We come finally in this Garland to RALPH VAUGHAN WILLIAMS, another who is regarded as one of the greatest British composers of the 20th Century. Dotted between his choral music, symphonies, concertos and so on are many examples of light music. Like Holst, he drew on English folk and traditional melody in the cause of light music. His first work to receive a major performance, the Serenade in A Minor (1897, played at Bournemouth in 1901) probably falls within the "light" category as so several other of his suites, the Charterhouse Suite, based on an early piano miniatures (1923), the Suite de Ballet for flute and piano (1913/20), The Running Set, based on traditional dance tunes (1933) and the music for his 1923 ballet Old King Cole (Job, also a ballet, more or less, is more serious).

On many occasions VW was asked many times to write incidental music, for stage radio and screen and at times this was re-worked, by him or others, into a suite, perhaps a single movement for the concert hall, as happened must notably with the music for a production in Cambridge of Aristophanes' The Wasps (1909, concert suite 1912), whose overture is one of the finest of British Overtures. The Prelude on an Old Carol Tune (1950) was based on music for a BBC radio adaptation of Hardy's novel 'The Mayor of Casterbridge'. The incidental music he provided for five Shakespeare plays at Stratford in 1953 was not adapted for the concert room.

He came to films during World War II, after people like Herbert Bath, Bliss and Walton had flexed their muscles in the studios. Once started, the roll-call of his films is quite impressive: 49th Parallel (1941), with its expansive Prelude, Coastal Command (1942), which yielded a seven movement concert suite, The People's Land (1943), Flemish Farm (1943), which also was turned into a seven piece suite, Stricken Peninsular (1945), The Loves of Joanna Godden (1947: not adapted for the concert hall but records of the music, presumably from the sound-track, were released), Scott of the Antarctic (1948, adapted as the Sinfonia Antarctica), Dim Little Island (1949), Bitter Springs (1950) and The England of Elizabeth (1957, which finished, posthumously as, Three Portraits and Two Shakespearean Sketches).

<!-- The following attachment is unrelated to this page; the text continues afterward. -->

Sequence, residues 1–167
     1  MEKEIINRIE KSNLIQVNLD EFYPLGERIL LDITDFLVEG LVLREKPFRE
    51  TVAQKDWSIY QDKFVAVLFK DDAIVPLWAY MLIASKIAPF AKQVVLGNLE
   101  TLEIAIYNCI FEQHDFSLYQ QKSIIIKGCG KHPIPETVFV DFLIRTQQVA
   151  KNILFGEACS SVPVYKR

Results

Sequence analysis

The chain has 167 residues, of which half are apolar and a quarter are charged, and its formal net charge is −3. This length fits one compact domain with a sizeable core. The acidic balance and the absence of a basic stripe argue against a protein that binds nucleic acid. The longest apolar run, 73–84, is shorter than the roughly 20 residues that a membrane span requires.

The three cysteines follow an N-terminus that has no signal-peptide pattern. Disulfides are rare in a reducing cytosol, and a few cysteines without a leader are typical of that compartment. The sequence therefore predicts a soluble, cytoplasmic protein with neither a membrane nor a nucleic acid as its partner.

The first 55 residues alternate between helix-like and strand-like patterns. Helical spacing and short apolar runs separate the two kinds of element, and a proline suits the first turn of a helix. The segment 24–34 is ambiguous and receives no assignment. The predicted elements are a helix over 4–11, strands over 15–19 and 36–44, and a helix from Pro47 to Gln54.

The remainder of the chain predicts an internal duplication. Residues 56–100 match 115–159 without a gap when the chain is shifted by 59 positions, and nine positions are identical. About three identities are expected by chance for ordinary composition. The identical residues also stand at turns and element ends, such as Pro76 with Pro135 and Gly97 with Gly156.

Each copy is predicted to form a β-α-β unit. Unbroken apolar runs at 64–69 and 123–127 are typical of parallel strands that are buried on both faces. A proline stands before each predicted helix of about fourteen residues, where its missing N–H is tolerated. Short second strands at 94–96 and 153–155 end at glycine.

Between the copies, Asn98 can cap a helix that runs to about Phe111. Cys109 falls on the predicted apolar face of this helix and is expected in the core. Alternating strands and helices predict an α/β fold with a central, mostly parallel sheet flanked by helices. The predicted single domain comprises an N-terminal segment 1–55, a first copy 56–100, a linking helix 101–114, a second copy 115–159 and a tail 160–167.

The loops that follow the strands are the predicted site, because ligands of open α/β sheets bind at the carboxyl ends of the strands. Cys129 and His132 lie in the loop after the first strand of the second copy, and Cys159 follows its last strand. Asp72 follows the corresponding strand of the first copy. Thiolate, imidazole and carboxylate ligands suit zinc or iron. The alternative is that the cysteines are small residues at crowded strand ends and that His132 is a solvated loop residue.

V.W. quite quickly followed Holst into writing for military band, his output in that direction coming mainly in 1923-4: a March, Sea Songs, the crisp Toccata Marziale, written for the British Empire Exhibition of 1924 and, best known of all, the English Folk Song Suite, quickly adapted for orchestra and brass band by Gordon Jacob. Apart from the brass band version of Sea Songs, he was not to write for brass band until the 1950s when he composed Three Welsh Hymn Tunes (1955, for the Salvation Army) and, adopted the test piece for the National Championships of 1957 and including parts for two B Flat baritone saxes, the Variations for Brass Band.

One can go on.

Not many of Vaughan William's songs, are reckonable as ballads, but the lyric, the time and the general feel of Linden Lea, first performed in 1902, surely makes it such. Arrangements of Greensleeves have been legion in light music programmes down the years but there is none finer than Vaughan Williams Fantasia therein, arguably his most heard single movement. He had the gift of touching the hearts of many with his quintessentially British music and it is scarcely surprising that he provided so much for British (and perhaps other) light orchestras.

© Phil Scowcroft 1999